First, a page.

The Washington Post: If Thompson Doesn’t Sell Chartered, It Will Likely Lose DC Health-Care Contract
Wayne Turnage, director of the District’s Department of Health Care Finance, told a D.C. Council committee that as long as D.C. Chartered Health Plan remains in Thompson’s hands, it should not expect to continue managing the health care of low-income city residents after its contract expires in May 2013 (DeBonis, 4/19).
The Associated Press/Washington Post: SC Health Agency Says Worker Stole Personal Information ON 228,000 Medicaid Patients
Authorities say personal information was stolen from more than 228,000 Medicaid patients in South Carolina. Anthony Keck is the state’s Health and Human Services director. He says information such as Medicaid ID numbers, names and addresses were taken by an employee. Keck says the employee compiled the data over several months and then sent it to his private email account (4/19).
Los Angeles Times: UCLA Doctor Sues Regents, Alleging Bias
A UCLA physician has filed a racial discrimination lawsuit against the UC Board of Regents, alleging that he was routinely publicly humiliated and once was depicted as a gorilla being sodomized in a slide show presentation during a resident graduation event. In a 40-page complaint filed in Los Angeles County Superior Court on Tuesday, Dr. Christian Head, a head and neck surgeon, accused the university of failing to prevent discrimination, harassment and retaliation (Branson-Potts, 4/20).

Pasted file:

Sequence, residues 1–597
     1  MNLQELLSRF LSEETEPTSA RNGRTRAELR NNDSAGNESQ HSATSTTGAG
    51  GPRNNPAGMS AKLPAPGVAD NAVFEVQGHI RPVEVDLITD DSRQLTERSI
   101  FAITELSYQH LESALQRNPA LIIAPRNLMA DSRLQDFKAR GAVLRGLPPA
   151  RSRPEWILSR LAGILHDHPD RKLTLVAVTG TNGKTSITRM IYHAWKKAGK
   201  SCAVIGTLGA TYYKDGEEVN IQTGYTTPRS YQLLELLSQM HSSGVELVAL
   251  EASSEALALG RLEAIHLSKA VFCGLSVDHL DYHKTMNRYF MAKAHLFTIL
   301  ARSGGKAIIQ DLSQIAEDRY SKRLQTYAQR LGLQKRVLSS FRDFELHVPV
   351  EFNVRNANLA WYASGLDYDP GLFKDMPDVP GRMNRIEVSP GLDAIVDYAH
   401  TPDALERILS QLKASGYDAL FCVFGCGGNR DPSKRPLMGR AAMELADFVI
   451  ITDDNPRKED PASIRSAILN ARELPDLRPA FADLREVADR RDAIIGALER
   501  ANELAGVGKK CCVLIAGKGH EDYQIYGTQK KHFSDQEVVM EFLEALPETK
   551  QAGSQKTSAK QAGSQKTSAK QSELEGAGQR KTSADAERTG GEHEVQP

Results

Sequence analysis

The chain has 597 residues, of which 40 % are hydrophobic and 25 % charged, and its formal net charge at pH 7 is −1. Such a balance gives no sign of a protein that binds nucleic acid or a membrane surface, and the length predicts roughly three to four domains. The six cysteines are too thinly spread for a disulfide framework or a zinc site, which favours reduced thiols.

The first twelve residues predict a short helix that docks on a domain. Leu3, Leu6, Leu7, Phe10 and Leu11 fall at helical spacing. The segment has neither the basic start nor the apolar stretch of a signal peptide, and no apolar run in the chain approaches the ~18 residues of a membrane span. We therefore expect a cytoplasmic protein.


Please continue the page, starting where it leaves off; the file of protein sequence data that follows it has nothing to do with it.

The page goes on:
The Wall Street Journal: Police, Pill Mills And Privacy
Politicians, law-enforcement officials and physicians in Kentucky are locking horns over a proposed bill to crack down on the abuse of prescription drugs, in a debate that pits patient privacy against efforts to curb the nation's expanding epidemic of addiction to painkillers. … The Republican-controlled Senate is considering a vote as early as Friday on a bill that would restrict ownership of pain clinics to licensed physicians and give law enforcement easier access to the state's prescription-drug database, which tracks writers and recipients of prescriptions, as well as where the drugs are dispensed (Martin, 4/19).